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Is The Pakistani Military Losing Its Stranglehold Over Power?


FILE: Pakistani Army Chief of Staff General Qamar Javed Bajwa.

A string of judgments by Pakistani courts this year now poses a serious threat to the domination by the top army generals over the country’s fate for nearly six decades.

This week, Pakistani courts sentenced one former military dictator to death for subverting the constitution and jeopardized a new term in office for the current army chief. In October, a provincial High Court scrapped a controversial law that granted sweeping powers to the military. In a landmark decision in February, the Supreme Court implicated and reprimanded the military against involvement in and manipulating politics and the media.

FILE: Pakistani Chief Justice Asif Saeed Khosa
FILE: Pakistani Chief Justice Asif Saeed Khosa

While some of the decisions are under review by higher courts and others are likely to be appealed, they mount an unprecedented challenge to the military’s monopoly over power. Four army generals ruled Pakistan for nearly 33 years after the first military dictator, General Ayub Khan, assumed power following a coup in October 1958. Democratic interregnums have mostly been marked by anemic civilian administrations reeling from military domination of security and foreign and economic policies. No prime minister has completed his term in office, and many have been imprisoned, exiled, hanged, or assassinated.

On December 17, the military did not hold back its punches after a special court in Islamabad handed a death sentence to Musharraf on treason charges. With a 2-1 verdict, the court found him guilty of suspending the country's constitution in 2007 when he imposed an emergency.

Following a meeting of the army’s top brass after the judgment, a military statement said the court’s decision "has been received with lot of pain and anguish by rank and file of Pakistan Armed Forces." The statement questioned the process. “The due legal process seems to have been ignored including the constitution of the special court, denial of fundamental right of self defense, undertaking individual specific proceedings and concluding the case in haste.”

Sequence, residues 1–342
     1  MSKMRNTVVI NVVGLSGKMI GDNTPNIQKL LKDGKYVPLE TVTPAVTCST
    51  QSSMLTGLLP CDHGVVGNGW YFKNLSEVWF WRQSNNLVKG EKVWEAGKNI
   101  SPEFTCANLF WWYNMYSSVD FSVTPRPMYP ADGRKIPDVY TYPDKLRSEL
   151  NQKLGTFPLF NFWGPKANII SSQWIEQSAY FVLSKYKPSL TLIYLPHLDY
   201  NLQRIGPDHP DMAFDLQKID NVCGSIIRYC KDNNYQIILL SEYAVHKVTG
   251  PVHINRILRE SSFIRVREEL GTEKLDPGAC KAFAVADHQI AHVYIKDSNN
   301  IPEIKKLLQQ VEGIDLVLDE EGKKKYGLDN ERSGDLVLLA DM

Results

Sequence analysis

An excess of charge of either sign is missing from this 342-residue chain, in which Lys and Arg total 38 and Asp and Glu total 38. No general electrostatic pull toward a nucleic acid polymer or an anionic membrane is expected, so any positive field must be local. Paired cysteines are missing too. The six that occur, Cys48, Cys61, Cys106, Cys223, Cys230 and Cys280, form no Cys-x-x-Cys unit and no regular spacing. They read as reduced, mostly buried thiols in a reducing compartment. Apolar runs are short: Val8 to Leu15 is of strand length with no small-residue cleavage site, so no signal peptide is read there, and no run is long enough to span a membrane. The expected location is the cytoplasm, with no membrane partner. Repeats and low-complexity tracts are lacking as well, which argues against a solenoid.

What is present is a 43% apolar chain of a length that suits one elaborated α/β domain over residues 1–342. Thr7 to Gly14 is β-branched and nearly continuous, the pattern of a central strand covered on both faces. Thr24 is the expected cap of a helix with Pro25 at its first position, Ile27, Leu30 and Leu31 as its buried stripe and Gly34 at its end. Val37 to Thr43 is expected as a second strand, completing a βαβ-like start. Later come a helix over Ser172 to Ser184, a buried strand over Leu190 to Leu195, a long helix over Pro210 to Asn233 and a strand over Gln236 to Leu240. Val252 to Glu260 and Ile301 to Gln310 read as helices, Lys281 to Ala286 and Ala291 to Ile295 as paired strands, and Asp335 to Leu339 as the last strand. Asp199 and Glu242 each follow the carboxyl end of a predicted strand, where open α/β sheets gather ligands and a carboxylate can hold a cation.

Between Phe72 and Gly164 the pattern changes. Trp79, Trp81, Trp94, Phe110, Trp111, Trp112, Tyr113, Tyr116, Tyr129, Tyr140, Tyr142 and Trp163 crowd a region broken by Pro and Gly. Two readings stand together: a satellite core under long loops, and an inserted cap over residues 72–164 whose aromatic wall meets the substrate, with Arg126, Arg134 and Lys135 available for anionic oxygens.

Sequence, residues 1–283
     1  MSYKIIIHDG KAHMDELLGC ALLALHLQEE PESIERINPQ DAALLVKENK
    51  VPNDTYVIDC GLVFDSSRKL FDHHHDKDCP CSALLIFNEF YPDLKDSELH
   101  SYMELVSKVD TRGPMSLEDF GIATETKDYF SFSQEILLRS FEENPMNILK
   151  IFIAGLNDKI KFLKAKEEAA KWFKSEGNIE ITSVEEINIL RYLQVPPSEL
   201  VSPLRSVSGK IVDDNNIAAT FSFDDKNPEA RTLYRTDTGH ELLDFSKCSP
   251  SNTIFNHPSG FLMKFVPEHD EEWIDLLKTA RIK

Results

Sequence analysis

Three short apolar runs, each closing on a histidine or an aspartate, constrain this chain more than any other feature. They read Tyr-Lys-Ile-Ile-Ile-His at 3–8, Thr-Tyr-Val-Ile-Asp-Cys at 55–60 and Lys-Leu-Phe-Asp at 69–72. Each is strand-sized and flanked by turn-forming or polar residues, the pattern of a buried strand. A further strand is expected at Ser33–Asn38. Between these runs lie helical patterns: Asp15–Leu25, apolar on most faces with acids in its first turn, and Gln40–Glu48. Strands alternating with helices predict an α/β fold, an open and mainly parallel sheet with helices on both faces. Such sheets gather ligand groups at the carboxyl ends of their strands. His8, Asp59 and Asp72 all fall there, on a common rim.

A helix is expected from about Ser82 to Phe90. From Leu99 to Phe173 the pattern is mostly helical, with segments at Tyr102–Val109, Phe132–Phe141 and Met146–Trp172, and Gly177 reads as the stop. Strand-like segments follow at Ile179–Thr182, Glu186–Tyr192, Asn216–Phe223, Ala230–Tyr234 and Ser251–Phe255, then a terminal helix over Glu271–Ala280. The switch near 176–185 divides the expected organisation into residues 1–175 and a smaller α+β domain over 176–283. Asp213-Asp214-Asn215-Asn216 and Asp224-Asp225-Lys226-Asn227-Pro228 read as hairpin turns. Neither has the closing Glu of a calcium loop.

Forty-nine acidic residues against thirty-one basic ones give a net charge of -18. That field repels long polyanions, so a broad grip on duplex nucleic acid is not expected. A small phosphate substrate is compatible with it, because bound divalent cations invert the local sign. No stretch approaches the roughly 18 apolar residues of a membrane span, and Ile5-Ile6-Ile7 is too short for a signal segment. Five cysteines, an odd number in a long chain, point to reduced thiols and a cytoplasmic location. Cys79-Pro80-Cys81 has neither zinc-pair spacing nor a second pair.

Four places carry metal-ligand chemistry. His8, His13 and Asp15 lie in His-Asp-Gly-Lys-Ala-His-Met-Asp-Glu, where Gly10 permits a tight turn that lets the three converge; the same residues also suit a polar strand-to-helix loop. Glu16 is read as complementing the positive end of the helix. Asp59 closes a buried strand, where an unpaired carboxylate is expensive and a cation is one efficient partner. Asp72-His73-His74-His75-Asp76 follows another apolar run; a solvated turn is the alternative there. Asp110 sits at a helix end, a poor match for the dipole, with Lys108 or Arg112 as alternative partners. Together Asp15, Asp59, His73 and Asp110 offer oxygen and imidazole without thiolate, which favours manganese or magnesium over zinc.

The statement appears to be partly targeted at the military’s officer corps’ morale. It said that Musharraf “can surely be never a traitor” because he "has served the country for over 40 years, fought wars for the defense of the country” and has served as the president, chief of army staff, and the Chairman Joint Chief of Staff Committee.

But in a detailed verdict about a new tenure in office for the incumbent army chief General Qamar Javed Bajwa, Supreme Court Chief Justice Asif Saeed Khosa appeared to question unbridled powers for the army chief.

“In our peculiar historical context Chief of the Army Staff holds a powerful position in ways more than one,” he noted in the judgment issued on December 16. “Unbridled power position, like unstructured discretion, is dangerous.”

In a revealing indication of how Khosa and other senior judges want to see Pakistani generals operate, he said, “Howsoever high you may be; the law is above you,” quoting a 17th-century Chief Justice of England’s advice to King James I.